With the Bengals refusing to do a slotted deal for the sixth overall pick in the 2009 draft, tackle Andre Smith and agent Alvin Keels tried their best to cover up the fact that they failed to fit the contract between the deals given to Mark Sanchez and No. 5 and Darrius Heyward-Bey at No. 7 by successfully obtaining a shorter deal.
Per the Cincinnati Enquirer, Smith signed a four-year deal with $21 million guaranteed and a maximum value of $26 million.
But it really isn’t a shorter deal. As one league source said, “Every six-year deal is a four-year deal with a club option for the last two years.”
If the Bengals choose to pick up the last two years, the contract will have a base value of $42 million and a maximum package of $50 million. Per ESPN, Smith would pick up another $8.5 million guaranteed for the extra two years.
So how does Smith’s deal measure up to the slot? The three bases for the comparison of first-round contracts are the guaranteed money, the base value, and the maximum package.
Sanchez’s guarantee (including one-time “log” incentive) is $28 million. Heyward-Bey’s is $23.5 million. Smith falls south of both at $21 million. (That said, his average guaranteed money per year is $5.25 million, which fits in the gap between Sanchez and Heyward-Bey.)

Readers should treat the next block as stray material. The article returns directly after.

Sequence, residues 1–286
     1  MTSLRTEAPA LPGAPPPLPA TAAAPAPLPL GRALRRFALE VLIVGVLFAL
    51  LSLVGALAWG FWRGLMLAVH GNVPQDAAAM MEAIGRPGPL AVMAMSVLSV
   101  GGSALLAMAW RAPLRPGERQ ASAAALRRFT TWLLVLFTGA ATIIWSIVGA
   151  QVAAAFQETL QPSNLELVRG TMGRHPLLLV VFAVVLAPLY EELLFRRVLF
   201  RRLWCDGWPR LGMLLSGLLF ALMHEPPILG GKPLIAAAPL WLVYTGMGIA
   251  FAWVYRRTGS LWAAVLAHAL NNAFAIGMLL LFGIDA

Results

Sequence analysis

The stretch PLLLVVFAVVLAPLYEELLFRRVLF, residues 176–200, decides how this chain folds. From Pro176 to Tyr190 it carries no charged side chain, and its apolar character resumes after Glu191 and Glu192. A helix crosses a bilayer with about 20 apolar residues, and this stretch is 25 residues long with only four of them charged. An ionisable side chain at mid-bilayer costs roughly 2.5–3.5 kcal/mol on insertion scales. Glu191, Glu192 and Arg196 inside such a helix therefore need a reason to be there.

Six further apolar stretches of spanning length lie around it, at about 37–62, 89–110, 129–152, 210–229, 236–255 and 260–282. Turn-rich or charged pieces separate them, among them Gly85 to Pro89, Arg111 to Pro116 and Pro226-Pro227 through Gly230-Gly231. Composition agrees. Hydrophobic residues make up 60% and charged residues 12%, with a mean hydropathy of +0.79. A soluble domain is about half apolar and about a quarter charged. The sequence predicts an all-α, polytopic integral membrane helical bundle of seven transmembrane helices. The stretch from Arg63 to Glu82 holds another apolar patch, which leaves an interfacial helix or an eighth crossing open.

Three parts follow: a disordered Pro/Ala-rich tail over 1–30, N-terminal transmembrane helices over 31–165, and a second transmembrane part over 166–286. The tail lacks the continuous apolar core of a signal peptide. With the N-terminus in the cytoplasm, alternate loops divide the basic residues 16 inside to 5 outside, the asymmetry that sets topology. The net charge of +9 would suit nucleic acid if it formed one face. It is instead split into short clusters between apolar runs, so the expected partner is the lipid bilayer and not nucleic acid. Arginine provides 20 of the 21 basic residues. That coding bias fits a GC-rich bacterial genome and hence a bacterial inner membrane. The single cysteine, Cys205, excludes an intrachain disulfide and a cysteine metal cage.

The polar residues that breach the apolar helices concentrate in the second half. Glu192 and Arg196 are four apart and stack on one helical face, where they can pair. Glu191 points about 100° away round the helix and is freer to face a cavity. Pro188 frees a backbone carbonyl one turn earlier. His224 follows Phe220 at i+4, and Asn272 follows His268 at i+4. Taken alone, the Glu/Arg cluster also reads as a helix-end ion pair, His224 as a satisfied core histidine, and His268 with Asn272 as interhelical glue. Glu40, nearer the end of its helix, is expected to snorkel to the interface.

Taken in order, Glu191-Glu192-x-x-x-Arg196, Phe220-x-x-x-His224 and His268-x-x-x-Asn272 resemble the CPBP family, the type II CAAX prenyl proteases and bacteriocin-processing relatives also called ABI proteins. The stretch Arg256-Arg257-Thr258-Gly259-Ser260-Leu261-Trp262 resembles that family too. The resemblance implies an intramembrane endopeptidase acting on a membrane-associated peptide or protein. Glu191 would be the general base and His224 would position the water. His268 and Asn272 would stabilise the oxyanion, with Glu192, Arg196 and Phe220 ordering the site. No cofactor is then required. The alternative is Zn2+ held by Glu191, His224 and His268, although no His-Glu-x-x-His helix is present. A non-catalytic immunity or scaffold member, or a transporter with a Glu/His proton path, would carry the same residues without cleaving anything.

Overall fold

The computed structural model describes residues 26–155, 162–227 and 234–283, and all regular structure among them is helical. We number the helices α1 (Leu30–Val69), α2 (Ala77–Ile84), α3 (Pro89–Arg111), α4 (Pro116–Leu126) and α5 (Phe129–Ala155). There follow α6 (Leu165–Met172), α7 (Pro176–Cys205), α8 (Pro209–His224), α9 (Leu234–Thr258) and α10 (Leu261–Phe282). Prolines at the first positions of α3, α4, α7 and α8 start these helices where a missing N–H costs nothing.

Then again, a league source tells us that Smith will make $21.5 million over the first three years, making the guaranteed money not that jaw-dropping.
Sanchez’s base value is $47 million over five years (i.e., $9.4 million per year). Heyward-Bey’s contract has a base value of $38.25 million. It’s unclear whether the $26 million over four years is the base value or the maximum value of Smith’s deal. If it’s the base value, the $6.5 million annual average falls well below the average annual base value of Heyward-Bey’s deal, which is $7.65 million.
Smith’s guaranteed money matches the amount guaranteed a year ago to sixth overall pick Vernon Gholston on a five-year deal. The base value of Gholston’s contract was $32.5 million, which matches the $6.5 million annual average Smith received.
So, basically, Smith got a six-year version of Gholston’s deal. And the Bengals were able to avoid the slotting process, as they vowed to do.
Smith and Keels saved some face via the appereance of a four-year deal. But if Smith turns out to be a great player, it won’t be a four-year deal — it’ll be a six-year deal and the two extra years that kick in four years from now will pale in comparison to the first two years of a long-term deal that Smith could have gotten on the open market.
And we’re certain that this deal could have been done weeks ago, allowing Smith more of an opportunity to become a great player. In the end, Smith and Keels caved, and now Smith faces an uphill climb to fulfill his potential.